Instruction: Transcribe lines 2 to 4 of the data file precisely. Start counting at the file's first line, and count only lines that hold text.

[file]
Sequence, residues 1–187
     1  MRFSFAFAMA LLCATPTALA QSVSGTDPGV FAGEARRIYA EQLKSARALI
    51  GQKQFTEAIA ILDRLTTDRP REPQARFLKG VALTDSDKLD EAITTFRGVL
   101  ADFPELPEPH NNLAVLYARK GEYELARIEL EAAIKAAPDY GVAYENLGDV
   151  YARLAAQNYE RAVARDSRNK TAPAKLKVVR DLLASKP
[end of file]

     1  MRFSFAFAMA LLCATPTALA QSVSGTDPGV FAGEARRIYA EQLKSARALI
    51  GQKQFTEAIA ILDRLTTDRP REPQARFLKG VALTDSDKLD EAITTFRGVL
   101  ADFPELPEPH NNLAVLYARK GEYELARIEL EAAIKAAPDY GVAYENLGDV